He had eight top-10 finishes and led just 55 laps in three years — and he was out of a ride in 2011 when Penske ran out of sponsorship for the project. Hornish ran just 14 races, only one in the Sprint Cup series, that entire year.
He got another shot came when Penske began piecing together sponsorship packages. There was enough money for 20 Cup races in 2012 and a full Nationwide Series schedule. He ran another full Nationwide schedule this year.
But Penske told the 34-year-old Hornish he needs to be racing in the Cup series, where he doesn’t have a spot for his longtime driver.
Hornish hasn’t even hinted about his future, only saying he’d rather be a NASCAR test driver than an IndyCar regular
Dillon edges Hornish for Nationwide title: With tears in eyes and three fingers in the air, Richard Childress hardly had words to describe his latest NASCAR championship.
His grandson, Dillon, won the Nationwide Series title in the famed No. 3 and by three points.
“Hard to believe,” Childress said. “I couldn’t be more proud of Austin. He drives with his heart every lap. What can you say? He’s just a great competitor, a great grandson. I’m proud, really proud of him. He ran good and hard tonight.”
Sprint Cup regular Brad Keselowski won the season finale Saturday, moving up 10 spots in the closing few laps to give an otherwise typical race a wild and wacky finish.
But the night belonged to Dillon, who overcame a sluggish start and a scrape against the wall to finish 12th. It was good enough to hold off Hornish by three points. Hornish crossed the line eighth.
“It was ugly,” said Dillon, who won the Truck Series title in 2011. “Probably the worst car we had all year. But we fought. My guys kept me positive in the car.”
Hornish looked as if he would overcome an eight-point deficit in the standings for much of the 200-lap race but a lengthy caution late posed problems. NASCAR slowed the race for 12 laps — tied for the longest caution of the year — and it turned out to be a setback for Hornish.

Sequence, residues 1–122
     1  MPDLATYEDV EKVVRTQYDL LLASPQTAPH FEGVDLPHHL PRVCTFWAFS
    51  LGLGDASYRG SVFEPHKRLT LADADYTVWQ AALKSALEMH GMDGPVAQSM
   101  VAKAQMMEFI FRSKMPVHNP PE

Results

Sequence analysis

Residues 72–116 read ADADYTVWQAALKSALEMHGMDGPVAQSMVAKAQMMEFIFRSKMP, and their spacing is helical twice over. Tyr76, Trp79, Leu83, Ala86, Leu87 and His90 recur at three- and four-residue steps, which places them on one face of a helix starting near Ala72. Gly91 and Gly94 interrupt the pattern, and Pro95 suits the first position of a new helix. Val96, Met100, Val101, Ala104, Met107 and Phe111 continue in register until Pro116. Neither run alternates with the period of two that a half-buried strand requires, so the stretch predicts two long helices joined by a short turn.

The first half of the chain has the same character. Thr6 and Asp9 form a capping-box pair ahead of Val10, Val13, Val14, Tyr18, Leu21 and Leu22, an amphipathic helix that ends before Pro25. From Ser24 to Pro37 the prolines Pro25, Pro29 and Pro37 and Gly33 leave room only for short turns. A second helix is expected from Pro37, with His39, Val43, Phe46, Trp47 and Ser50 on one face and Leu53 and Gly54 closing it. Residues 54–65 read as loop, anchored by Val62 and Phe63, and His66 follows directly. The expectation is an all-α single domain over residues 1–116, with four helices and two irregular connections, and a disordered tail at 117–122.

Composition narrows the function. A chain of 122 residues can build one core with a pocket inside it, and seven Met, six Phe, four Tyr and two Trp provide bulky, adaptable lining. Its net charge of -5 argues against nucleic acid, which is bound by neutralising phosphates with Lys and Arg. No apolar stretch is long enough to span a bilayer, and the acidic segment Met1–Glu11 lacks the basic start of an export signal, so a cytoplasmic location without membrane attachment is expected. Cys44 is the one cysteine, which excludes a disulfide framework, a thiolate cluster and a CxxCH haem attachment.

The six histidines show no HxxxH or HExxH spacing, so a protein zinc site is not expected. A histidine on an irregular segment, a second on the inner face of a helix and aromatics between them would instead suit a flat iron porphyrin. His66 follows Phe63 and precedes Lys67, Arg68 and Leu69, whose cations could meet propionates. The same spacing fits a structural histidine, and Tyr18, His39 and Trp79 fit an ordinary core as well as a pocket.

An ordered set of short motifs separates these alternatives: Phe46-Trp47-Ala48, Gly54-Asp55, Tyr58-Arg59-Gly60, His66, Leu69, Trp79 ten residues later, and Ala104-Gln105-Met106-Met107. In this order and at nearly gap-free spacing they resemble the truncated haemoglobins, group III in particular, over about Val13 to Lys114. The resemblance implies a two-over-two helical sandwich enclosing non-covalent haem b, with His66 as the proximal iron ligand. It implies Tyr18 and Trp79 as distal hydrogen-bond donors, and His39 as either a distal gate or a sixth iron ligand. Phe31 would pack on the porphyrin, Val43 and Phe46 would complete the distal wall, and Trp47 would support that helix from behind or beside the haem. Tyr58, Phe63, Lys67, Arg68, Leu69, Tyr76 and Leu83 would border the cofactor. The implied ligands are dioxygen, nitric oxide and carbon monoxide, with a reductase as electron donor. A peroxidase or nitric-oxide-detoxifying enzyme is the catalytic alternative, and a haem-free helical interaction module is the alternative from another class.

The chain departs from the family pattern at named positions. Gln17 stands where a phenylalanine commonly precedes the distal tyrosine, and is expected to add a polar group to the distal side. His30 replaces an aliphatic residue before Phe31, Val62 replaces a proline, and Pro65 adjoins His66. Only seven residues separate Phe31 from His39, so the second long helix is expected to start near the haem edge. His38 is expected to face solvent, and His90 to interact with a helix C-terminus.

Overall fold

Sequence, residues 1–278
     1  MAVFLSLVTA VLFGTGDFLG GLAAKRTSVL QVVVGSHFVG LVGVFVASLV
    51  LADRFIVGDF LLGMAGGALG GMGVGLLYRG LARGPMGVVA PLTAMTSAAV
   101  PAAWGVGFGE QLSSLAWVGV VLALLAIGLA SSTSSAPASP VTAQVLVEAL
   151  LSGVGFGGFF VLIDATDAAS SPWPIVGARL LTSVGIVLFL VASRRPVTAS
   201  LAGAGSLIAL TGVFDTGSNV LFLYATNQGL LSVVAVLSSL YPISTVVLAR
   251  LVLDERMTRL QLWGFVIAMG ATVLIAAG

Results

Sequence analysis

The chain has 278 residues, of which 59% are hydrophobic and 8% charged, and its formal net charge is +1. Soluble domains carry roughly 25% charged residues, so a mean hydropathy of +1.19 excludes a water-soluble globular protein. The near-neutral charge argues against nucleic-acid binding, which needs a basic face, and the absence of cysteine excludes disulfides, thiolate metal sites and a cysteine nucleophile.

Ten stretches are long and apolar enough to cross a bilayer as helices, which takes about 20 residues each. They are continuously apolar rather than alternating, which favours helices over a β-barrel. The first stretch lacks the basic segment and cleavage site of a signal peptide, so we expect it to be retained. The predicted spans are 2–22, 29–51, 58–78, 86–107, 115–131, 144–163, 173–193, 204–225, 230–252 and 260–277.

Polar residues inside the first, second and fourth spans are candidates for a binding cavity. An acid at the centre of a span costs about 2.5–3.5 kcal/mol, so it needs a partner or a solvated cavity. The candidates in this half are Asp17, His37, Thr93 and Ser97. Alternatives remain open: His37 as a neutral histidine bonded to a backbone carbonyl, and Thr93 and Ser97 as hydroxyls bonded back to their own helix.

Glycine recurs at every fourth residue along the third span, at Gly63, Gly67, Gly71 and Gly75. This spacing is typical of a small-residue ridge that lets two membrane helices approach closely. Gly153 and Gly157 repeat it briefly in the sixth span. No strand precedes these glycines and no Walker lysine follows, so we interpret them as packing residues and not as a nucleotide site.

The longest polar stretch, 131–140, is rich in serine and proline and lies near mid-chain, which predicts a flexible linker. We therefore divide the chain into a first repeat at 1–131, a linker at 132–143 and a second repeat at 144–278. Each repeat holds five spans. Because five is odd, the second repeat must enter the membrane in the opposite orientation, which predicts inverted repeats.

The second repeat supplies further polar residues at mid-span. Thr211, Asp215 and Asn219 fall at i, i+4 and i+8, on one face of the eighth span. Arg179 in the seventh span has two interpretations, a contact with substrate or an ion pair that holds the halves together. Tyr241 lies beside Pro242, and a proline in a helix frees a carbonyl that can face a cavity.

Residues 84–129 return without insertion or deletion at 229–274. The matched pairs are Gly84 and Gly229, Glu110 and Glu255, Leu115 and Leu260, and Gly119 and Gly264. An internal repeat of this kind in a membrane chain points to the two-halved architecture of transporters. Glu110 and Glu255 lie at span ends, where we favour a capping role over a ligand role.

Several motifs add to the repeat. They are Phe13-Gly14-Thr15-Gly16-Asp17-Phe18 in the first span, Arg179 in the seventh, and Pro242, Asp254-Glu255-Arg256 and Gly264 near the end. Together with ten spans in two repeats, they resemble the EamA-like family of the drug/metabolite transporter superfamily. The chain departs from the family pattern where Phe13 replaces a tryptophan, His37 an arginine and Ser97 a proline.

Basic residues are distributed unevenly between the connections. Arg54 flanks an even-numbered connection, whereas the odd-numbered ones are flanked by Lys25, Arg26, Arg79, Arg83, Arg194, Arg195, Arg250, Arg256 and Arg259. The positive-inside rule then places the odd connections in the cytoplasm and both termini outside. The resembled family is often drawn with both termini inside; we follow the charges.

NASCAR defended its decision to keep the race under caution.
“When you’re in situations like that, the most important thing is getting the track race ready,” explained Robin Pemberton, NASCAR’s vice president of competition. “You know, you can look at, you can use your hindsight every chance that you want to, but in this particular time, we did the best we could to do, and it was more important to get the track ready.”
Keselowski got new tires during the final caution and used them to weave his way through traffic. He went from 11th to first in a 2-lap span after the restart. And once he was out front, no one was catching him.
Certainly not Dillon and Hornish, who were stuck on old tires because they had used their allotment.
Keselowski finished the season with seven victories, all in the last 10 of his 16 series starts.
Rookie Kyle Larson finished second, followed Kyle Busch, Matt Kenseth and Trevor Bayne.
Busch closing Nationwide team because of funding: Kyle Busch said he is closing his Nationwide Series team because of a lack of sponsorship.
Parker Kligerman ran the entire season for Busch in the No. 77 Toyota and had 13 top-10 finishes.
Busch drove the car in 2012, when he went winless in the Nationwide Series. He went back to driving Joe Gibbs Racing’s cars in Nationwide this year — winning 12 times — and used Kligerman in his Kyle Busch Motorsports car.
Busch also fields three entries in the Truck Series and won Friday night’s race at Homestead-Miami Speedway. It clinched the owners’ championship for Busch, who won eight races as an owner. Busch had six victories; Darrell Wallace Jr. and 17-year-old Erik Jones also won for the team.